Shipping Container Architecture
When most people think of the humble shipping container, they often don’t see it as a possible home. Thousands of these containers are left to rust at ports, and often aren’t reused. What many people do not realise is that with little conversion and imagination they can be made in to the perfect, sustainable home. Through this article I aim to convince you that a shipping container is the ideal substitute for bricks and mortar.
My experience with containers began during my second year at University. I was asked, as part of a group project, to design a future city for London after a catastrophic flood. The brief was to use shipping containers as sustainable homes, suspended high above the flooded banks of the River Thames.
Through some research we found some existing container cities in London. One of these was based opposite the O2 arena at Trinity Buoy Wharf. Designed by Nicholas Lacey and Partners, they used the modular shapes of the containers to place them in an array around a core used for access. They kept the general aesthetic of the containers the same, only adding circular windows for light. The containers could even be painted any colour the client wished.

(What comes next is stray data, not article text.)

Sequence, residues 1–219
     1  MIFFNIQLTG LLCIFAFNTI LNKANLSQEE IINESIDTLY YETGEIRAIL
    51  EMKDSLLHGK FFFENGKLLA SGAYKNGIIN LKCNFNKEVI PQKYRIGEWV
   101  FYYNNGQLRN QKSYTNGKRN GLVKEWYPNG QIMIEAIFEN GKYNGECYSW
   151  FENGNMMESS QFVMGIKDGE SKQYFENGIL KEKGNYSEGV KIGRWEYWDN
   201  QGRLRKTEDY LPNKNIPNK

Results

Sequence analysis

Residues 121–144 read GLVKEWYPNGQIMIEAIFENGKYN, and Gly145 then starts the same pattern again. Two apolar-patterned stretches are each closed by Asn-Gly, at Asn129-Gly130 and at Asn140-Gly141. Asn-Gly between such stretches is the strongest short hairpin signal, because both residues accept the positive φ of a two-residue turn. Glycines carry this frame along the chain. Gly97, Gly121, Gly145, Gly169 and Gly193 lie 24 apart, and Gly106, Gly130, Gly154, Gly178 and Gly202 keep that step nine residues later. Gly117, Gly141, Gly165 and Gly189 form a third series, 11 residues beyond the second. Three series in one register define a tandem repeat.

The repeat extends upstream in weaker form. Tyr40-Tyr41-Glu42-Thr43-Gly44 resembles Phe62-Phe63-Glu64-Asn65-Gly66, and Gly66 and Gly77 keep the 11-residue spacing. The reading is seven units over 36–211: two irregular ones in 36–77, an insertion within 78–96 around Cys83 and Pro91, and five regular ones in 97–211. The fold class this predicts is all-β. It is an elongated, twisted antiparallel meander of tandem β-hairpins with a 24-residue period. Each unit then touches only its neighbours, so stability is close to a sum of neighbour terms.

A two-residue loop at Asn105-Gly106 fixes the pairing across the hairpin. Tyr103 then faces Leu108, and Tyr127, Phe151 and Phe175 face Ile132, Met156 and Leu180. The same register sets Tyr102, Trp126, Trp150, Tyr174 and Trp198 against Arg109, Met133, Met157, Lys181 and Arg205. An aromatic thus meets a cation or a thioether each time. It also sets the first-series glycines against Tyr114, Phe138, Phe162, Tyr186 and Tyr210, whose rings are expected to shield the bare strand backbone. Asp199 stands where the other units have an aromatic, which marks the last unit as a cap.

The conversion process is fairly simple. Firstly windows are added to the client specification. Services, such as plumbing and electricity are then installed. Lastly, insulation and plasterboard are lined to the inside of the container. The beauty of the concept is that they are modular and can be stacked and further containers can be added if expansion is needed. At Container City 1 the demand was so high that they simply added a further level of containers, installed by a crane in 2 days.
The containers are versatile enough to be used for offices as well as homes. Shops have even been created from them, one example of which being the new gift shop at Thorpe Park.
This example goes to show how adaptable the containers are, and that they can be decorated to suit their location. Other companies have also used containers to create shops, including Puma.
If you don’t like the aesthetics of a container there are ways to create homes or offices from them in such a way that it is almost impossible to tell what the building is made from. This stunning home has been created from the containers with the doors removed. In there place are epic glass doors and windows, flooding the spaces with light.
With their sustainable qualities, and ease of conversion it is hard to see why containers aren’t more widely adopted for construction purposes. We use bricks and concrete because they are the standard construction materials. The construction industry has learnt to change and implement many other types of material on large scale in the past (steel), so is the possibility that unused and empty shipping containers could become regularly used for construction so hard to imagine? I don’t think so.